Quick Japanese: Let's talk about the weather!
Would you like to know how to talk about the weather in Japanese? Well you are in luck ... it's quite easy.
天気はどうですか? Tenki wa dou desu ka? (How's the weather?)
Let's break down this sentence really quick. 天気 (tenki) means "weather". は is the topic marking particle which indicates that we are discussing "tenki". どう means "how" or "how about" or "in what way". ですか is the copula (desu) followed by the question marking particle か, which clearly identifies this sentence as a question - "is?" or "is it?".
Putting it all together, "As for weather, how is it?" Or simply "How's the weather?"
Now that we know how to ask about the weather, let's learn how to describe it. Fortunately, this is even easier ... you just need to know a few weather-related words.
晴れです。 hare desu (It’s sunny.)
曇りです。 kumori desu (It’s cloudy.)
雨です。 ame desu (It’s rainy.)
暑いです。 atsui desu (It’s hot.)
寒いです。 samui desu (It’s cold.)
暖かいです。 atatakai desu (It’s warm.)
Simply take a descriptive weather term like "sunny" or "rainy" or "hot" or "cold" and add the copula です. Done! You have described the weather.
But what if you want to spice it up a bit. Maybe it's not just hot, it is VERY hot.
とても暑いです。 totemo atsui desu. (It’s very hot.)
Or maybe it is not hot. In fact, it is getting a little chilly.
少し寒いです。 sukoshi samui desu. (It’s a little cold.)
The adverbs とても (totemo) and 少し (sukoshi) are quite handy. They can be used to express the extent of many adjectives and verbs, including weather-related terms, like hot and cold. You should get to know these words well. Not only are they useful sentence enhancers, but you'll probably come across them quite often while reading.
Discussing the weather is an excellent way to make small talk in Japanese, since the weather is such a safe topic. It's quite common to hear the following phrase:
今日はいい天気ですね。kyou wa ii tenki desu ne.
Do you know what this means? Let's break it down.
今日は is the word for "today" followed by the topic marking particle は, so we are discussing something related to "today." いい comes from the verb 良い (yoi) which means "good; excellent; fine; nice; pleasant; agreeable". 天気 should be familiar - this is the kanji for "weather" again. Lastly, we have ですね, the copula (desu) followed by the sentence-ending particle ね. Japanese has various sentence-ending particles that add inflections or meaning onto the sentence. The question marker particle か is one example of a sentence ending particle - it always appears at the end of the sentence and is frequently used in formal speech to indicate questions. The particle ね is used to add some emphasis and to ask for agreement from the listener. It acts very similar to a "tag question" in English, like adding "isn't that right?" or "don't you think so?" onto the end of a statement.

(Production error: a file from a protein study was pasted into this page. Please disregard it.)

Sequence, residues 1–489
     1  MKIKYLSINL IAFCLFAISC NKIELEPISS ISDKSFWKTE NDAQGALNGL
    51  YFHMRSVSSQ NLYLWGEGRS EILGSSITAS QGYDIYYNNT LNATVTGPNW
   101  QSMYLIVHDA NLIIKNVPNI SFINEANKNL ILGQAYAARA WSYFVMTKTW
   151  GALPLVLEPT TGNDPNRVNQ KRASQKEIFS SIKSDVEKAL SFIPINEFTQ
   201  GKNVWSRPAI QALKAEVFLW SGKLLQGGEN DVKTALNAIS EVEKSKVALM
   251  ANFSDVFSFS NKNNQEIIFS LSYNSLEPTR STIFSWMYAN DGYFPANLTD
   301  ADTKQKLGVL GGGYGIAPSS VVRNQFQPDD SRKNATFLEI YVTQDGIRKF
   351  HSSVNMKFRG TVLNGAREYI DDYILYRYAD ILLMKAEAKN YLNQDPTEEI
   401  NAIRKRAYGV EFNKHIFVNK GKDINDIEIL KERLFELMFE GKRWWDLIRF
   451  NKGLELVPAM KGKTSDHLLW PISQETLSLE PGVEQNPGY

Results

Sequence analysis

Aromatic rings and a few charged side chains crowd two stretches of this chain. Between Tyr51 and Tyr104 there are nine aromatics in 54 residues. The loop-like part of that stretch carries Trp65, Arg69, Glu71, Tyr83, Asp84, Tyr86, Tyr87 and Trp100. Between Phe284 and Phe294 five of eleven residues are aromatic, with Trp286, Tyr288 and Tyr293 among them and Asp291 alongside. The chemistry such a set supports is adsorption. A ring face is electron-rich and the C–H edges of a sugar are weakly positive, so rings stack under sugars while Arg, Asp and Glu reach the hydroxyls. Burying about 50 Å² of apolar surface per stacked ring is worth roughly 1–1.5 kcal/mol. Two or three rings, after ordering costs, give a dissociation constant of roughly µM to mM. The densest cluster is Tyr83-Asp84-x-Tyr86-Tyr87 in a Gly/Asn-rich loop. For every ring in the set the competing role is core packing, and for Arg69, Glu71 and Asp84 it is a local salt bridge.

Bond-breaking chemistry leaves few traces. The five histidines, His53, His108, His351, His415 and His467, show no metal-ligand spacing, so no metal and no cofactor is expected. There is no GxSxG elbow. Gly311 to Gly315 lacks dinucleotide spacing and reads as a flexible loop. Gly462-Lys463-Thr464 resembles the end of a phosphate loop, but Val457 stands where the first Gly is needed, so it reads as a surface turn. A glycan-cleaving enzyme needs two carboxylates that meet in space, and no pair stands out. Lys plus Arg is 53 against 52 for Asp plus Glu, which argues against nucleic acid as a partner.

Taken all together, our example sentence means "As for today, the weather is good, don't you think?" or "The weather is nice today, isn’t it." A common response to this kind of question would be:
そうですね。 sou desu ne. (That is so, isn't it.)
You will see this phrase translated in quite few different ways, depending on what English phrase would sound the best in a given context, but it is basically an affirmative response that confirms agreement while also asking for it a little bit, like saying "Yes, I think so". If you drop the ね it becomes a stronger "That is so." which has a more emphatic feeling of "I agree" or "Yes, that's right". Once you start listening for そうです and そうですね, you will hear them quite a bit when listening to conversational Japanese, usually as a response from the listener when they agree with something that was just said by a speaker.
Using some of the words we just covered, we can also ask an important variation on our very first question:
今日の天気はどうですか。kyou no tenki wa dou desu ka
Okay .. what does this say? Do you recognize some of the kanji from previous sentences? I bet you can figure this out without any hints.
Alright, let's break it down .... First we have 今日の天気. This is the word for "today" followed by the possessive particle の and the word for "weather". The possessive particle is used to link together words and it acts very similar to adding an apostrophe S onto the end of a word in English (today becomes today's). So 今日の天気 translated to "Today's weather". You can also flip around the word order and make this "weather of today" (weather that belongs in the category of "today" stuff) or squish the words together into a compound word "today weather", depending on what makes the most sense in English. In this case, "today's weather" works just fine, so we'll stick with that. Next we have the topic marking particle は, so we are discussing the weather again. But this time we are specifically taking about TODAY'S weather. The rest of the sentence should be familiar from earlier - どう (how) ですか (is?)。